The following post in an excerpt from “Your First 100 Days in Student Ministry and the 40 Years That Follow,” a new book from author and pastor Jeff Borton. Jeff has been in student ministry for over 20 years. He has served in both small and large church contexts and desires to see them all thrive. Jeff enjoys teaching, consulting, and seeing student ministry leaders develop. He’s passionate about discipleship, missions, and seeing students be transformed by the gospel.
“SeaWorld is an amazing place. When I would visit as a kid, I was blown away by the aerobatic displays and the variety of sea life. One show that stands out in my memory is the Orca presentation. The trainers taught 10,000 pound killer whales to soar out of the water and jump over a rope 20 feet in the air. It blew my mind!
Clearly, Orcas aren’t born with the instinct to obey a trainer’s whistle and soar into the sky. Although it looks effortless, an incredible amount of training goes into performing one 30 minute show. Before a ticket is ever sold, a trainer saw potential in a particular whale and trained it to do something amazing.
The Orca’s love of fish is one of the vital tools the trainers leverage to teach the massive mammal to fly. The process starts slowly. First, the Orca is trained to simply swim over a rope placed above the pool floor. When he does that, he gets a fish. When that becomes familiar, the rope is raised, the process starts over, and he receives another fish. After mastering each rope height, he receives a reward, and the rope is raised. You see a pattern here. The whales don’t start at jumping 20 feet in the air, they start by swimming over a rope laying above the floor of the tank. They are gradually and intentionally trained how to jump to new heights.2 We only see the trained, disciplined whale doing what it was taught to do in the show. It’s a time intensive process, but all the training leads to people being willing to wait hours in line and spend hard earned money to see the amazing results.
For far too long, student ministry has underestimated the heights to which our students can soar spiritually. We’ve kept the rope very low and equated spiritual growth with showing up to a program once or twice a week. The figurative rope is laid on the bottom of the pool and we cheer when students “swim” over it. Regrettably, that’s the extent of our expectations.
Learning to help students develop spiritual maturity doesn’t happen overnight. It’s not a six-week Bible study with your best group leader. It won’t happen by filling the student ministry calendar with events and options, hoping students become disciple makers. Discipleship is not a drive-through process; it’s more like a slow cooker recipe.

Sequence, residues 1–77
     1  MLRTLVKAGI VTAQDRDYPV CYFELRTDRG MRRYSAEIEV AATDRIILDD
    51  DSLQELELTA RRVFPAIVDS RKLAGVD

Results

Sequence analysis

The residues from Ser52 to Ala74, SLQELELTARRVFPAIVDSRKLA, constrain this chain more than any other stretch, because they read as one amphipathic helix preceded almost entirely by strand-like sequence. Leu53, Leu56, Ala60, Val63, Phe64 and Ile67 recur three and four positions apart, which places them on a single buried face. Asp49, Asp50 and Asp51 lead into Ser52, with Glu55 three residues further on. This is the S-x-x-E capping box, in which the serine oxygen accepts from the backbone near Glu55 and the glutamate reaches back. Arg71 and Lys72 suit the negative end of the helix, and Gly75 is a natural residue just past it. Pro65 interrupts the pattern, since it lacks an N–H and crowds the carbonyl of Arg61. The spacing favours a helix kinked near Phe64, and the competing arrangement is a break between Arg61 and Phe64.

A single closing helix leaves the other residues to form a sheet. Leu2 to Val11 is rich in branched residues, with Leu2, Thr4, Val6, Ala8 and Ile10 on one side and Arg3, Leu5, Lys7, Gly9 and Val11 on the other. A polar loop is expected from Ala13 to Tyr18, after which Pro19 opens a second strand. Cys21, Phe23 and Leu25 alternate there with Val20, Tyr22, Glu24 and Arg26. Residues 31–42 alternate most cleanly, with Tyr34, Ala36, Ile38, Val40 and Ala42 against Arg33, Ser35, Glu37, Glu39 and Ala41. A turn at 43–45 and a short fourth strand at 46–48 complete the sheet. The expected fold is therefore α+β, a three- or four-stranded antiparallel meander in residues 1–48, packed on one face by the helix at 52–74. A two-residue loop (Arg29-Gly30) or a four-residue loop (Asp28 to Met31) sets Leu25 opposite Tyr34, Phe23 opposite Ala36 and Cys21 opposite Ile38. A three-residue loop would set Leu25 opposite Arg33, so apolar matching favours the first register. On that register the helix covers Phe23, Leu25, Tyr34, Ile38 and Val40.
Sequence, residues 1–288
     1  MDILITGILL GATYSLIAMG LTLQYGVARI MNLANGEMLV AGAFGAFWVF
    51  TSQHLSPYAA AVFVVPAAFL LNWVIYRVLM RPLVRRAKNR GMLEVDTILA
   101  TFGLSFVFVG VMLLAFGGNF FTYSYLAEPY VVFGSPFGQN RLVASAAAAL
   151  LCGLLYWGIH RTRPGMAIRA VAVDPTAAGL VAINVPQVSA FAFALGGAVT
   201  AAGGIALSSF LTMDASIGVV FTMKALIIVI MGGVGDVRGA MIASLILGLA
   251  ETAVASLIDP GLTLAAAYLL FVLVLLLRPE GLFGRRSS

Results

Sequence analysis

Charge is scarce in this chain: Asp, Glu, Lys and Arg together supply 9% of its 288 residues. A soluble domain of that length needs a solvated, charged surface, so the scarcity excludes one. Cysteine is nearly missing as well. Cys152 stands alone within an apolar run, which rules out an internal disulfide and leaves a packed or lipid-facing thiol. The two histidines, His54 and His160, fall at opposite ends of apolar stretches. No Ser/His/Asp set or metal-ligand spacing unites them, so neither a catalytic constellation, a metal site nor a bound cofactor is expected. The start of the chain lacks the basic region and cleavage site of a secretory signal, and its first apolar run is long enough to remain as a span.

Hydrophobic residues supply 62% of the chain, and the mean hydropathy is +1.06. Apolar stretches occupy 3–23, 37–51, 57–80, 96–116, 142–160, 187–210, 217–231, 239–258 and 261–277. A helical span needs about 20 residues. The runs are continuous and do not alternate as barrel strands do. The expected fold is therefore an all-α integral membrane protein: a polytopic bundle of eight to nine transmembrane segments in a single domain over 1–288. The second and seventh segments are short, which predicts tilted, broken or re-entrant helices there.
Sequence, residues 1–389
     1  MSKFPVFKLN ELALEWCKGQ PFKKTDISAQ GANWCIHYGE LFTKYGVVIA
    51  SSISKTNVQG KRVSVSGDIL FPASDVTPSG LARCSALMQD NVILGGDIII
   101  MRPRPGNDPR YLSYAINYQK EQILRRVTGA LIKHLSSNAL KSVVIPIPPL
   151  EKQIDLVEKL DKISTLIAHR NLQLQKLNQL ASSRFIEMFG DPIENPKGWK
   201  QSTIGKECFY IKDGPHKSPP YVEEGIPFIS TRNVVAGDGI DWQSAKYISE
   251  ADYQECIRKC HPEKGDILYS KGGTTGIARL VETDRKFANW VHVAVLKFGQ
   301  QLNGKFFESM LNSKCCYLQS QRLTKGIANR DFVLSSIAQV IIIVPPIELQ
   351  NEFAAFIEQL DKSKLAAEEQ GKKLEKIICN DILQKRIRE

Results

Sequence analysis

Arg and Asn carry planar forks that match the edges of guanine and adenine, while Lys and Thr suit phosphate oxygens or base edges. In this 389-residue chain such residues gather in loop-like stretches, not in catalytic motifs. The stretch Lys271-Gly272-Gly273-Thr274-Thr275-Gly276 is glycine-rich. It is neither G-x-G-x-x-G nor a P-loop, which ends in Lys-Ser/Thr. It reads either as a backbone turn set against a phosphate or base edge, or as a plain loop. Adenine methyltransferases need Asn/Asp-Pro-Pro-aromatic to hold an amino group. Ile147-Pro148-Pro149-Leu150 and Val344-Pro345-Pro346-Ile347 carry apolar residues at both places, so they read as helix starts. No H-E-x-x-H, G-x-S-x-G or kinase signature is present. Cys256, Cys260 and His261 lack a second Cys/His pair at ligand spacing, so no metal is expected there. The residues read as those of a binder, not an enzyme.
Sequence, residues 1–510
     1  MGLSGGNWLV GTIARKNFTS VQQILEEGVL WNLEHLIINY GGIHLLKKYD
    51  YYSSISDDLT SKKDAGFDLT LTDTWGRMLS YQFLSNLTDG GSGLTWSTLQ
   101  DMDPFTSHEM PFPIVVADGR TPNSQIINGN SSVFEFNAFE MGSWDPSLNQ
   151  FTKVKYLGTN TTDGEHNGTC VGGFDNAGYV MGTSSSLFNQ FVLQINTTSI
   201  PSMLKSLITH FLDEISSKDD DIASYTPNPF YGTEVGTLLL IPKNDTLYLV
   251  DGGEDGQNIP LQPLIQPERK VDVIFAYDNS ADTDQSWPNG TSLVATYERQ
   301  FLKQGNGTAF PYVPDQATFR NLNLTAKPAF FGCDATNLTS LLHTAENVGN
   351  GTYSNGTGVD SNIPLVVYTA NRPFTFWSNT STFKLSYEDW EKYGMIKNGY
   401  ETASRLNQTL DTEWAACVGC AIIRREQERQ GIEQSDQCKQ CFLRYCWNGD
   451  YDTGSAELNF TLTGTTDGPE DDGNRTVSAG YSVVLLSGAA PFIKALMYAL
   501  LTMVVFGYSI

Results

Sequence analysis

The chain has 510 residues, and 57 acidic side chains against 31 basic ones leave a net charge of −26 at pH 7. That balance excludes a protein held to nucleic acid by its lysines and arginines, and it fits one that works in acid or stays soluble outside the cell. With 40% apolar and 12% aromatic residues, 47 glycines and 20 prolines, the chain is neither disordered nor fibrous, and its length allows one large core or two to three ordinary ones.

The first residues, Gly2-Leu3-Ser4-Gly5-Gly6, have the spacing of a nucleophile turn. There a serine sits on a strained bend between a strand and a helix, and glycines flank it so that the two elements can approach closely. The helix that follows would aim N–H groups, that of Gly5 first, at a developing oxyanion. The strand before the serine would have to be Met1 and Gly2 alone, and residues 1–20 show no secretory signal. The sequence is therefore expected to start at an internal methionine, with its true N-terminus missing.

For example, one way we lower the standard is by maintaining a seating capacity mindset, where the goal is to fill the seats each week. We should want to fill the seats each week—the more students show up, the greater their opportunity to hear the gospel. But keeping the expectation at just showing up to church brings results that are indicative of where many student ministries are today—a mile wide, but an inch deep.
In a seating capacity mindset what happens in the ministry is determined by whether it will put students in seats. What’s measured as a win is a full room, the numbers entered (and maybe even celebrated on social media), students instructed to come back next week and to “bring a friend.” That’s it; they met their goal. Then, leaders focus on the next week and how to do it all over again.
Listen, getting students to show up is an incredible feat, but if that’s the only intent, the goal is short-sighted and the standard is set ridiculously low. There is a real danger with seating-capacity thinking. Students learn by observation more than by what they are told. If we celebrate students when they show up but never show them the next spiritual step, they will believe they are already doing all that’s necessary to grow. Without a word being said, students are learning: “Just show up when its your turn and have a great time. You’ve done all you needed to do to remain spiritually healthy.”
Apply this thinking over the course of a few years. If the room is full every week, does that fulfill what Jesus commanded us to do? Can we lay our heads down on our pillows at night and know for certain that we have fulfilled the Great Commission? Did we do what our Lord commanded by getting students to show up? Even more terrifying, do we pat ourselves on the back because we did at least part of what Jesus said? A seating-capacity mindset robs students of experiencing God more deeply. Shame on us when we are comfortable to let our students swim over a rope in the spiritual shallow end when they are capable of what God has intended for them, leaping over the rope 20 feet in the air.”
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About the Author
Jeff Borton is the Next Generation Pastor at Long Hollow Baptist Church. Jeff lives by 2 Corinthians 12:8-9, which reminds him of Christ’s grace and power in his life. Jeff enjoys going out for Mexican food and spearfishing. But when it’s time to relax, he loves to grab a Tim Keller or John Maxwell book. He cheers on Wake Forest football, the Miami Dolphins, and the Miami Heat.